To set it to autosave, move to the Saving tab, and check the “Automatically save when editor loses focus” box. So if you click out of RStudio or stop typing, it will automatically save. You can also say how long to wait before saving with options ranging from 500 milliseconds to 10,000 milliseconds, which is the same as 0.5 seconds to 10 seconds.
The Appearance tab lets you change the background, color, and size of text. Change it to your preferences.
The final tab we’ll look at is Pane Layout. This lets you move around the Source, Console, and the other two panels. There are a number of different tabs to select for the panels (unchecking one just moves it to the other panel, it doesn’t remove it from RStudio), and we’ll talk about three of them. The Environment tab shows every object you load into R or make in R. So if you load a file called “data” you can check the Environment tab. If it is there, you have loaded the file correctly.
As we’ll discuss more in Section 2.3, the Help tab will open up to show you a help page for a function you want more information on (we’ll also discuss exactly what a function is below. But for now just think of a function as a shortcut to using code that someone else wrote). The Plots tab will display any plot you make. It also keeps all plots you’ve made (until restarting RStudio) so you can scroll through the plots.
When we’re using R for research the general process is to load data, change it somehow (such as deleting rows we don’t want, aggregating from some small unit such as monthly crime to a higher unit such as yearly crime), and then analyze it. To do all this we need to be able to make sure each step we do actually changes the data. This seems simple but is actually a very common issue I’ve noticed when working with new R programmers - they run code on the data (e.g. deleting certain rows) but forget to save the change to that data.
Let’s look at an example of this. First, we need to know how to create objects in R. I use “object” in a very vague sense to mean anything that is loaded into R and can be manipulated. To create something in R we assign “something” to an object name. This is a very technical sentence so let’s look at an example and then step back and try to understand that sentence.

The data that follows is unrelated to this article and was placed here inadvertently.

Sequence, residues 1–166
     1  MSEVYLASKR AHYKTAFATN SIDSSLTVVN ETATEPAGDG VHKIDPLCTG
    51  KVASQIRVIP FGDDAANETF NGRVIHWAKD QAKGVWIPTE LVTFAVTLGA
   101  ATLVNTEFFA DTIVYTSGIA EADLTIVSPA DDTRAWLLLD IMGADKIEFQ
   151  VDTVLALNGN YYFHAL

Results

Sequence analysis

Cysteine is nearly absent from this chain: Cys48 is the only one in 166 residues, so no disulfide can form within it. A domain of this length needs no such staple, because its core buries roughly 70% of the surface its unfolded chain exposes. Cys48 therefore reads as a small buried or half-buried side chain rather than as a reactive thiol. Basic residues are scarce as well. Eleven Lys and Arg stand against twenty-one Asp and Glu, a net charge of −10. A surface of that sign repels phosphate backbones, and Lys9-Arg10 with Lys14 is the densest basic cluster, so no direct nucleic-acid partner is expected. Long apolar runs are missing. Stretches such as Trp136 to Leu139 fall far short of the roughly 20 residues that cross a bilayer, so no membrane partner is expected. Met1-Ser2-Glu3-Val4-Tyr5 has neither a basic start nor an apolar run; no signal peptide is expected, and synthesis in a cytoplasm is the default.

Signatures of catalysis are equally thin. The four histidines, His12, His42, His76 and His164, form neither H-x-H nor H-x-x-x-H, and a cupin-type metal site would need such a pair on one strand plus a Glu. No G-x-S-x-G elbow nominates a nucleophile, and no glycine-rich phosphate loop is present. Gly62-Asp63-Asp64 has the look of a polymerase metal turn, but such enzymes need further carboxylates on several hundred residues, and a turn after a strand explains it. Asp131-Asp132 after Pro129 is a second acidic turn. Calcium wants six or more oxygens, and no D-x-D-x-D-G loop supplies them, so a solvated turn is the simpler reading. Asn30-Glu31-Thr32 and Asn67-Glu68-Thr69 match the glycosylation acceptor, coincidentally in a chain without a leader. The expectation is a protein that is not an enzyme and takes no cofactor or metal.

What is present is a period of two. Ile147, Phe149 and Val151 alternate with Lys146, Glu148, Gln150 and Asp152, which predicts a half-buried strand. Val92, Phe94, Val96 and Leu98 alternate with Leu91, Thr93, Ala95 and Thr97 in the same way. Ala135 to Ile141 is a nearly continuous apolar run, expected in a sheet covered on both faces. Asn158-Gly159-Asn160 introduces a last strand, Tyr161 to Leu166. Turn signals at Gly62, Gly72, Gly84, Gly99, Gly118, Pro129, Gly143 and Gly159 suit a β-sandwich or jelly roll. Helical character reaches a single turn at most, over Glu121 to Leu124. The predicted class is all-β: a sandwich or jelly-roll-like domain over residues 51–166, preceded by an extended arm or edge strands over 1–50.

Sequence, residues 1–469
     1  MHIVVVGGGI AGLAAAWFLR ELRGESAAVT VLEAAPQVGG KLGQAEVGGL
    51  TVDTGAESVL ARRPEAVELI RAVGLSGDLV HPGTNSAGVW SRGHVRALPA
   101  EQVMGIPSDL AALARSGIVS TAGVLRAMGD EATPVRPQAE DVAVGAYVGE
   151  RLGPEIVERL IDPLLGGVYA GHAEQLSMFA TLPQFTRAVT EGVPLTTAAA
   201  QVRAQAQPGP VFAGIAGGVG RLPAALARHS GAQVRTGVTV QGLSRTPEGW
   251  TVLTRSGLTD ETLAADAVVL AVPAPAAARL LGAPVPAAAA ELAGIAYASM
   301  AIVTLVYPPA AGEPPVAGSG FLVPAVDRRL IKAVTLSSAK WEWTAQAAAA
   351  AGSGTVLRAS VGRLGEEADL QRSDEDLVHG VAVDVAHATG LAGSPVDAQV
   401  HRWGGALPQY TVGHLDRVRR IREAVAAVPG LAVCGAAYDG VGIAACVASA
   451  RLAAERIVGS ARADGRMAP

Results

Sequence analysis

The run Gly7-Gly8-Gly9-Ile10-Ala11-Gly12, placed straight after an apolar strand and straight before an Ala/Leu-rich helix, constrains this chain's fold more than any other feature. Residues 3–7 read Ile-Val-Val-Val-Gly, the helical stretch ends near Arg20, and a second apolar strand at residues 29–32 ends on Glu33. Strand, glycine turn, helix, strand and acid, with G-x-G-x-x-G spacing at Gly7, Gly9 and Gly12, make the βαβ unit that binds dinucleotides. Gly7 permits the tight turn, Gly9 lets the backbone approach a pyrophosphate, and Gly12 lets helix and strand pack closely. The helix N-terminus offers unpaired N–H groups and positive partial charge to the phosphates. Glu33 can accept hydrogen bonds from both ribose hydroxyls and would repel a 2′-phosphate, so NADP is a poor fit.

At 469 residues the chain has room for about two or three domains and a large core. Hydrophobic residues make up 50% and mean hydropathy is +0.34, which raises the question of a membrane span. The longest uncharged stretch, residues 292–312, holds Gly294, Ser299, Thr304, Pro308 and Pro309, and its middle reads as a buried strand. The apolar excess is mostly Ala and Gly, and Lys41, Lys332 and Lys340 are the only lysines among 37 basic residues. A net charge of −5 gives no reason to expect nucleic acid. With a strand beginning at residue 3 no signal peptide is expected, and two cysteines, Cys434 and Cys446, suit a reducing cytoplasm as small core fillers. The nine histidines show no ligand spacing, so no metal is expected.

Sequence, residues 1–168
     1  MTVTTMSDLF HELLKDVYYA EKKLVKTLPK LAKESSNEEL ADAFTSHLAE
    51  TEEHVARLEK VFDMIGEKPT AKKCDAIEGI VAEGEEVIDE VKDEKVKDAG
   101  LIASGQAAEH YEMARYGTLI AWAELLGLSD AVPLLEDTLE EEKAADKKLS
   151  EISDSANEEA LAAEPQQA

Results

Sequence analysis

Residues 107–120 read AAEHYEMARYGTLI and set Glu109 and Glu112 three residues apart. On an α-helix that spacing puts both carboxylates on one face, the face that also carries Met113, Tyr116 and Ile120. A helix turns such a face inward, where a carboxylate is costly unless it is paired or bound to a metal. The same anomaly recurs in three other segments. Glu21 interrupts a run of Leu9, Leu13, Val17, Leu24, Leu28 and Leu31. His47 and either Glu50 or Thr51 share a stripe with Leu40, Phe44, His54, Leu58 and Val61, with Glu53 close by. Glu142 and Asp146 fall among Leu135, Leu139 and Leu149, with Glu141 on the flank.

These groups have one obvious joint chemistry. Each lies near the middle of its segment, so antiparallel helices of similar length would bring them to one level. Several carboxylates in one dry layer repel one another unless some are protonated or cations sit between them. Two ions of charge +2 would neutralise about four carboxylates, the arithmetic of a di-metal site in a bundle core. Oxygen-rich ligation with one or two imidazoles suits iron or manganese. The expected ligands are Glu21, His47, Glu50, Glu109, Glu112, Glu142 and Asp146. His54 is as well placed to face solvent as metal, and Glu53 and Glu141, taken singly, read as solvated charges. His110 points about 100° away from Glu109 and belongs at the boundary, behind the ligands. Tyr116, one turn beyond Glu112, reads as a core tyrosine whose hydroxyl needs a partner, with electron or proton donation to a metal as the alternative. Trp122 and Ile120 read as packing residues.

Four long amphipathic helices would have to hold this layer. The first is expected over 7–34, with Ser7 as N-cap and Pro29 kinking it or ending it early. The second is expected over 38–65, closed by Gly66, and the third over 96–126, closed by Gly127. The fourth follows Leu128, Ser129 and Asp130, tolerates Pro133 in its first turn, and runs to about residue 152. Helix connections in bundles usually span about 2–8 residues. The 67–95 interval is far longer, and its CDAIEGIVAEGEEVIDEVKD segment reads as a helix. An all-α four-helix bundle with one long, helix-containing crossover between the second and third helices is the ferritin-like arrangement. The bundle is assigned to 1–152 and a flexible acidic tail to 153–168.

Above I am creating the object “a” by assigning it the value of 1. In R terms, “a is assigned 1” or “a gets 1”. In non-technical terms: a equals 1.
We can print out a to see if this is true.
a#  1
When we print out a, it returns 1 since that was what a was assigned to. We can assign a another value, and it will overwrite 1 with whatever value we choose.
<- 33 a a#  33
Now a is 33. Or a equals 33. Or a was assigned 33. Or a gets 33. Or we assigned 33 to a. There are a lot of ways to explain what we did here, which is quite frustrating and confusing to new R programmers. I use the terms “assignment” and “gets” only because that is the convention in R, but if it’s easier for you to talk about something equaling something else (instead of being assigned to that value), please do so!
<- is what does the assignment, or what makes the thing on the left equal to the thing on the right. You might be thinking that it’d be easier to simply use the equal sign instead of the
<- - we are making things equal after all. And you’d be right. Using
= does the exact same thing as
<- 13 a a#  13
We can use
= instead of
<- and get the same results (with very few exceptions and none that are relevant in this book). The reason that people use
<- instead of
= is largely a matter of convention. It’s just the thing that R programmers do so new programmers tend to adopt it. If it’s easier for you to use
= instead of
<-, feel free to do that.
In this book I’ll use
<- and talk about “assigning” values because that is the convention in R. And while that’s not really a good reason to do anything, I think that it’s important that new R programmers at least know what the proper conventions are and be able to speak the language (so to speak) of R programmers. This is also important when searching for more help on a topic as you need to know the right term to be able to ask for help (from other R programmers and from Google) easily.